"Primarily through lower labor costs," Loock said. "The food service staff as employed by Chartwells are paid more closely to the market for that type of labor."

White said school districts are more frequently considering outsourcing because of the tough economic times they face.

Of course, they face these "tough economic times" because they can't effectively control their spending and the public is starting to balk at paying skyrocketing taxes. They must have thought that taxdollars were like the loaves and the fishes.

"School boards are stuck between a rock and a hard spot on this. They're looking for ways they can save money so they can continue to keep the same number of people in the classroom," White said.

He should know. White also is on the school board for the Clinton Educational Service Agency, the intermediate school district that serves Clinton County in mid-Michigan. Six years ago, the board sold its bus fleet and hired a private company to provide bus service. The move wasn't made to save money, but to allow the district to focus on other areas.

"It's one of the most painful things I've ever done," White said.

Welcome to the real world, jerky. These are the same kind of tough decisions managers in the private sector have to make all the time. We'd all like to have our bloated 1950's era support staff back and be able to pay employees far above the prevailing wage and abide by all the archaic union rules, but companies (at least the ones without a government monopoly) that continue to do such things quickly become defunct companies with unemployed employees.

Union officials aren't happy.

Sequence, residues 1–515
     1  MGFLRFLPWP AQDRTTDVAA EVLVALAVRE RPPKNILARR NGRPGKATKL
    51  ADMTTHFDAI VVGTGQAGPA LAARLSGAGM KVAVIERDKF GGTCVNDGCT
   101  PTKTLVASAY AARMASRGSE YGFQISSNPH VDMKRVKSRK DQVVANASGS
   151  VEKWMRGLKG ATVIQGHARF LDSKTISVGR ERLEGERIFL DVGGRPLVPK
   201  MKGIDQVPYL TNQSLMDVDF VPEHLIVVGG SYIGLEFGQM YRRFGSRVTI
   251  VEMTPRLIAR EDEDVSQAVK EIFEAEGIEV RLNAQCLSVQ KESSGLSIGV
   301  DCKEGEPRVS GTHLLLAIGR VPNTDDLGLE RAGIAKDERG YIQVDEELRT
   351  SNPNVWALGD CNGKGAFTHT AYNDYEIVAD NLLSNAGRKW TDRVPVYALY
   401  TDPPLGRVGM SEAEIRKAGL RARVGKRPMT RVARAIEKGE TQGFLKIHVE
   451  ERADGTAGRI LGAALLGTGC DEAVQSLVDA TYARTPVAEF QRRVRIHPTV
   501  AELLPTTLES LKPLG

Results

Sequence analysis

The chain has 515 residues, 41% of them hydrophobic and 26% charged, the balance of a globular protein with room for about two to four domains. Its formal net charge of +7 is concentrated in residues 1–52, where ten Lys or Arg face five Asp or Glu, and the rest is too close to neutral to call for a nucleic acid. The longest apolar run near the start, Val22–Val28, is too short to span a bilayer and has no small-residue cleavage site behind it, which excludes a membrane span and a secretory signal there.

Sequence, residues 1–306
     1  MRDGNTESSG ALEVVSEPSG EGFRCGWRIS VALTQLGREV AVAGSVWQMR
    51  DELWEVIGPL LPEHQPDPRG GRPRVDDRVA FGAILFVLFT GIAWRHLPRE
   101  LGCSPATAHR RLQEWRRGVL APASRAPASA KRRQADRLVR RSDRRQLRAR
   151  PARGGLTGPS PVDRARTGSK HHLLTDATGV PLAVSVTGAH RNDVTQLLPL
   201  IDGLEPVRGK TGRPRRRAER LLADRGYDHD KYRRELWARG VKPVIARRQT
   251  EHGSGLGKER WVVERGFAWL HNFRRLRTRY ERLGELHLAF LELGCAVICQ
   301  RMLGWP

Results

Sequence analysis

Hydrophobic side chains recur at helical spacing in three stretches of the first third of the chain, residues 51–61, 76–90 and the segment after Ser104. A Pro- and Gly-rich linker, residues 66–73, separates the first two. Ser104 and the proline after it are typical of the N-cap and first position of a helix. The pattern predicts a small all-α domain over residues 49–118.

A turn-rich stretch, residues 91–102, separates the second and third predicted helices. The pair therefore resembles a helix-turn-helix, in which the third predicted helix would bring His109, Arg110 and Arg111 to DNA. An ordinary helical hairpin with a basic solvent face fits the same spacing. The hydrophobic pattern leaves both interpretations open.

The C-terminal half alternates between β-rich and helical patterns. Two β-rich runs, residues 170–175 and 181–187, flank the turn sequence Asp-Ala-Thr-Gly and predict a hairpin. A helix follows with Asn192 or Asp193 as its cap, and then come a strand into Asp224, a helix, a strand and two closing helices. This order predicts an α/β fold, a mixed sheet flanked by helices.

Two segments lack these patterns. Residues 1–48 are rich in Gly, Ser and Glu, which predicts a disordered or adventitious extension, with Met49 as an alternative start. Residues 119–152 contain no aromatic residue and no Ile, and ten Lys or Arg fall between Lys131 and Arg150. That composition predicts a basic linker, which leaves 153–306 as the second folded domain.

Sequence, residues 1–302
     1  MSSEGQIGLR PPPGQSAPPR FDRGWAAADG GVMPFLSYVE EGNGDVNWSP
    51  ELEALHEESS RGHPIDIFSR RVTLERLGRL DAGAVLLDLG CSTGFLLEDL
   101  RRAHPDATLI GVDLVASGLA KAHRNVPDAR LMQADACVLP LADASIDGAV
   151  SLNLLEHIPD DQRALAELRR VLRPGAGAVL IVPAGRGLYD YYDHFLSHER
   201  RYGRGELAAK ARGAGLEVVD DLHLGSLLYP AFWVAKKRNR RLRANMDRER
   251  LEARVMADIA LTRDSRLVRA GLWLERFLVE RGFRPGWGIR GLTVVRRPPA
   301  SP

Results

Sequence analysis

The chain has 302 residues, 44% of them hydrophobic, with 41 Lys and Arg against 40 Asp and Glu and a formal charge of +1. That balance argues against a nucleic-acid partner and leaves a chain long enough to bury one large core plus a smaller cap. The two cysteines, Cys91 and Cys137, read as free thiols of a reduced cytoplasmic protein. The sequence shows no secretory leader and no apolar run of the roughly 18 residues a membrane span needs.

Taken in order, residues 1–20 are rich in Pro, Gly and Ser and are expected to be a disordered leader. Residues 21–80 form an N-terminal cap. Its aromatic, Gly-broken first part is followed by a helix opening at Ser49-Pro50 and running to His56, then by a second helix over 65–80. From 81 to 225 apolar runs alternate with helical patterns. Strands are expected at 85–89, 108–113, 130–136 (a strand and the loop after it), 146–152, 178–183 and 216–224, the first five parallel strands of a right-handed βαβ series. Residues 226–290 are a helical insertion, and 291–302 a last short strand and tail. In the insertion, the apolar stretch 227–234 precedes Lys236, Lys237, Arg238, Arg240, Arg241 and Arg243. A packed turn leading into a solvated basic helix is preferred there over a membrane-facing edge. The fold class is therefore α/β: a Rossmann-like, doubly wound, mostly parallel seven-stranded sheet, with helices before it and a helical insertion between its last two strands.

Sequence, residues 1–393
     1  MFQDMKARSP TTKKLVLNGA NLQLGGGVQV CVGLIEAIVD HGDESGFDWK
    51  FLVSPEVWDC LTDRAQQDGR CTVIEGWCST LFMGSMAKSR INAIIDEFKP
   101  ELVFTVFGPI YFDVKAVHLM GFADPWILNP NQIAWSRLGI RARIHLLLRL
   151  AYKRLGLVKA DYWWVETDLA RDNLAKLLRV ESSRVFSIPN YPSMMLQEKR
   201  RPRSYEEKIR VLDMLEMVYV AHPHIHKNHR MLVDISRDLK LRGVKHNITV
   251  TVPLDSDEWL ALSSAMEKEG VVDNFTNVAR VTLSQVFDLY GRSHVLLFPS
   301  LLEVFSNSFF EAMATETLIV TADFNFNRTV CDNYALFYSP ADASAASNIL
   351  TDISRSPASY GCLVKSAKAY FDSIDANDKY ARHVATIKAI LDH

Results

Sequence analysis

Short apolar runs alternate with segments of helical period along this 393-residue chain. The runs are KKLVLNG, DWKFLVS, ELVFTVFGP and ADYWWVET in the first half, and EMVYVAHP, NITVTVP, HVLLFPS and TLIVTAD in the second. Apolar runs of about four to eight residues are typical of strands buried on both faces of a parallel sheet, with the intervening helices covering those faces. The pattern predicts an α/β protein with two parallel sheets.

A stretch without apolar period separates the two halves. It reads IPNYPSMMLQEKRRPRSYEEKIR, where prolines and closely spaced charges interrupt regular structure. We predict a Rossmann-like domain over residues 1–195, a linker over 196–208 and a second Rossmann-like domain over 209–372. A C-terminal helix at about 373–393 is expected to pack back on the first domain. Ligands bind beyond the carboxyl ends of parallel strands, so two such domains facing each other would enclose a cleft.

Are they ever? Having already lost most of the private sector with their stuck in the 1930's mentality, they are now beginning to lose their last remaining toehold -- the public sector. Listen to the old-timey rhetoric:
"Our members are being displaced, losing their jobs, and in some case losing pensions," said Rosemary Carey, a communications consultant for the Michigan Education Association. The state's largest teacher's union has 160,000 members.

Does anyone still care about defined pension plans? You know, one of those pensions subject to employer (or in this case union) mismanagement. It's 2006, Rosemary, people have 401k's. You don't lose those when you change jobs.

They say communities are affected too, because the jobs being outsourced tend to be held by longtime district residents. Meanwhile, they say, the private companies tend to hire from outside the communities and the lower salaries tend to result in heavy turnover.

"You've got the possibility of strangers being hired and being gone within a few months because they're not making enough money," Carey said.

Longtime district residents that are milking the district dry through over-priced jobs. Remember the point made up-front -- every dollar that is being overpaid for these services is a dollar that isn't making it into the classroom.

High turnover is never a good think for any company, because it is costly. Companies balance pay scales to avoid excessive turnover. This is one reason why the outsourced company in the story is paying 2 -3 times the minimum wage for low-skilled custodial jobs.

Now all we have to do is find a way to outsource the teachers and, more importantly, the school administration, and maybe we'll get back to providing a decent education again.

As I pointed out in my previous post, the City of Philadelphia could slash their school budget in half by outsourcing their schools to the archdiocese of Philadelphia.

1 comment:

KDeRosa said...

the district headquarters is assuming the sumptuousness of the Taj Mahal

I wanted to post the Philly school district's HQ at the top of the post, but I couldn't find a photo on the web. Let's just say, it makes the Taj Mahal look like a shanty.